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Meet The Jewish Harvard Student Going for Gold in Rio

Fencer Eli Dershwitz will represent the U.S. Olympic Fencing Team in Rio this August
by Hillel News |Aug 02, 2016|Comments

Fencer Eli Dershwitz practices for the 2016 Olympics in Rio (Photo: Rose Lincoln/Harvard University)

While many college students are excited to tune into the 2016 Olympics lounging in their living rooms, Eli Dershwitz will enjoy a closer view. The Harvard student, 20, will compete for gold as part of the U.S. Olympic Fencing Team in Rio.

Dershwitz began college at Harvard University in 2014. During his freshman year, Dershwitz competed in Harvard’s fencing team. This past year, Dershwitz took a year off from Harvard so he could train full time for the Olympics.

An Olympic gold medal would add to Dershwitz’s collection of trophies: Pan American Games Teams 2015 (gold for individual and team), Pan American Championship Teams 2014 (gold) and 2013 (gold for team) and Junior World Championship Teams 2015 (gold for individual). He currently ranks #1 in the United States.

Before Dershwitz flew to Germany for a training camp with athletes from countries all over the world, he discussed his Harvard experience and fencing career with Hillel International. Here are highlights from that conversation.

How did you get into fencing? Fencer Eli Dershwitz.

My brother found fencing at a summer day camp he went to when he was a kid. He really enjoyed it so he looked for a club where he could continue, and it just so happened that there was a high-level club with a former Olympic coach just 10 minutes from my house. I decided I wanted to give the sport a try. At first, it was just a recreational activity for me. But, as the years went by, I got more interested and more competitive as I went from competing on a local level, to a state level, to national competition, all the way to international events.

What kind of sword do you use in fencing, and how did you decide on it?

I fence saber, one of three weapons (the others are foil and epee). Saber is the only weapon taught at my club. Also, saber is the most fast-paced of the three weapons, and requires the least amount of patience as most touches last only a few seconds because of how fast it is. I really liked saber growing up because of how much speed and agility is needed in order to move fast, while also being able to change directions at any time.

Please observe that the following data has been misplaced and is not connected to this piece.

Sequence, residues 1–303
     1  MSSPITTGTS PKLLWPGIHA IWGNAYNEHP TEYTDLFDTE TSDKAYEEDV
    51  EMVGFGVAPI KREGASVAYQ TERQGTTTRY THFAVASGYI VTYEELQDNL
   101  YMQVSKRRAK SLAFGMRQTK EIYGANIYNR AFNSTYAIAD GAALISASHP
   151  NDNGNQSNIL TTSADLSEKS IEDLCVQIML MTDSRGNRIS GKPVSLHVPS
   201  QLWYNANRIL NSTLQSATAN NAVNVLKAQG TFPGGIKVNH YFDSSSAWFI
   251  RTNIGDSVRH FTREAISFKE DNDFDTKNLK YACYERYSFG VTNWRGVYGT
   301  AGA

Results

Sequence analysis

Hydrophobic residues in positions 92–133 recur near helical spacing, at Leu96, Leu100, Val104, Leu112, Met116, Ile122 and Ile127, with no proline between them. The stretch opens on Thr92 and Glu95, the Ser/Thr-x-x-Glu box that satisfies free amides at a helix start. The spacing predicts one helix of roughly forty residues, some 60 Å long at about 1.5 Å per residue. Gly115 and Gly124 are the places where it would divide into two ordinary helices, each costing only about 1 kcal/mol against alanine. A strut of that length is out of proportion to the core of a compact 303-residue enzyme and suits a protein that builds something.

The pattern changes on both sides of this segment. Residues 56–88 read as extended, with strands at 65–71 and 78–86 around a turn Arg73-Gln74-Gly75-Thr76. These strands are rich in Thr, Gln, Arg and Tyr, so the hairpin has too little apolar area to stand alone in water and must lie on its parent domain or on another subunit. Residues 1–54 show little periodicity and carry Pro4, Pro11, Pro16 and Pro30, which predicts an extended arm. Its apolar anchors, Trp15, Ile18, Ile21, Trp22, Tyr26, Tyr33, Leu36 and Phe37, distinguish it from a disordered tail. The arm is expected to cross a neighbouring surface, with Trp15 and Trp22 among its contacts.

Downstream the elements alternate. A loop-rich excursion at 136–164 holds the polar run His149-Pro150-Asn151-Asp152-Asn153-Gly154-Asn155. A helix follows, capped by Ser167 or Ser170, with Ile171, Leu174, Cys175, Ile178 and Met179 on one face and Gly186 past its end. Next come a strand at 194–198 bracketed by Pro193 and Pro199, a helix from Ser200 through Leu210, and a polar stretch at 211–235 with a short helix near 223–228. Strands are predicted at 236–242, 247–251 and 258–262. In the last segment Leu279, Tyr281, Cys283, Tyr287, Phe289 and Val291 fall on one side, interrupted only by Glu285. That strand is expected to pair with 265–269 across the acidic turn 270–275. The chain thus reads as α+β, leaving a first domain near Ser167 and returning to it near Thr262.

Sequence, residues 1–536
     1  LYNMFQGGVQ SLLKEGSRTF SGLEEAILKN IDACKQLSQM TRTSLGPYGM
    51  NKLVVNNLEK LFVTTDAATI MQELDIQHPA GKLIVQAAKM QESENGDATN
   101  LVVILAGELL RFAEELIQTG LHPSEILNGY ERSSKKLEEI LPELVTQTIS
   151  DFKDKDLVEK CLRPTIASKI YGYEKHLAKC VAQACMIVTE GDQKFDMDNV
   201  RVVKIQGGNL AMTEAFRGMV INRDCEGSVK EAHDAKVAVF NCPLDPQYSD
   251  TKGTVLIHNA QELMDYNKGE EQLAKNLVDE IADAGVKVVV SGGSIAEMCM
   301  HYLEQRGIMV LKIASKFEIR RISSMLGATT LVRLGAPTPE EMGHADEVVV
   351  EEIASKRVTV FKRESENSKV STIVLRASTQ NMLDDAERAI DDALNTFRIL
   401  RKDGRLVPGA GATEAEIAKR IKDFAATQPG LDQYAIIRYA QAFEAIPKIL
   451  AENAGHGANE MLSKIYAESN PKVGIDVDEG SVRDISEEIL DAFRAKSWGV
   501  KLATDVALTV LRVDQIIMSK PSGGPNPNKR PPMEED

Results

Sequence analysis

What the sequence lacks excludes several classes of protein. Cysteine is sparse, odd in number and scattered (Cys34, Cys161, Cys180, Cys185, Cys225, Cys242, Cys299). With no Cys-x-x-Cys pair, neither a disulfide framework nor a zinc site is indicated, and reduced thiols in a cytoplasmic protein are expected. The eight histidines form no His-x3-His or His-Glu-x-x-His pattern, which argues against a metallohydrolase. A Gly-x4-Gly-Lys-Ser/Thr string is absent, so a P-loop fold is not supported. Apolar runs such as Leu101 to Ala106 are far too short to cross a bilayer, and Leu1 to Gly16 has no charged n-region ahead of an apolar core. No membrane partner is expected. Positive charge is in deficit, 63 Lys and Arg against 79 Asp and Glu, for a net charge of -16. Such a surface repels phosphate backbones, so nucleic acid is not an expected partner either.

How do you feel about competing at the upcoming Olympics in Rio?

I am excited to represent my country, my sport and the Jewish community at a sporting event that brings the entire world together in peace. I am also a little nervous about how my hard work will pay off. I am also in awe of the opportunity to be part of the most prestigious sporting event in the world at the age of 20. Rio is the culmination of my journey so far, but my plans of competing at this level extend further than the 2016 Olympics.

Tell us a little about your Jewish story.

I am the grandson of two holocaust survivors. My maternal grandmother was born in Tarnow, Poland and survived the war hidden in a barn with her family by a Polish gentile farmer and his family. My maternal grandfather was born in Jaslo, Poland. He and his family fled Poland and moved eastward before settling in Samarkand, Uzbekistan. I grew up going to a Conservative synagogue in Natick, Mass. My twin sister and I had our b'nai mitzvah in November 2008. I celebrate the Jewish holidays with my extended family and consider myself a proud member of the Jewish community.

Do you participate with Harvard Hillel?

I have attended Rosh Hashanah services, Yom Kippur break fasts and a few Friday night dinners. My hectic international travel and practice schedule makes it hard to go as much as I would like.

How do you feel about being a Jewish Olympic athlete?

I feel proud to be a Jewish-American Olympic athlete. The Jewish community has been very supportive throughout my journey to the Olympics, and I look forward to representing them on the world stage.

How has Harvard fencing prepared you for the Olympics?

Harvard was extremely helpful in preparing me physically for my rigorous training program over the past year. The strength and conditioning program at Harvard was a huge improvement over the strength and conditioning I was doing in high school. On top of that, the Harvard fencing team and all the coaches were extremely supportive of my Olympics goals, and helped me to prepare through a year of college practice and competition. Because Harvard is not far from where I grew up, I was also able to work at home with my personal lifelong coach, Zoran Tulum, on a frequent basis.

How has your full-time training this past year prepared you for Rio?

I have had the chance to dedicate an unlimited amount of time to improving my fencing. This meant extra physical conditioning and strength building, as well as practicing my footwork, technique, speed and other aspects of fencing to put me in a place where I really believe I have the tools that I need to succeed in Rio.

What are your plans after Rio?

I will return to Harvard six days after closing ceremonies as a sophomore. I plan on going back to school and competing on the NCAA circuit, as well as continuing to compete on the U.S. National Team in preparation for the 2020 Tokyo Olympic Games.


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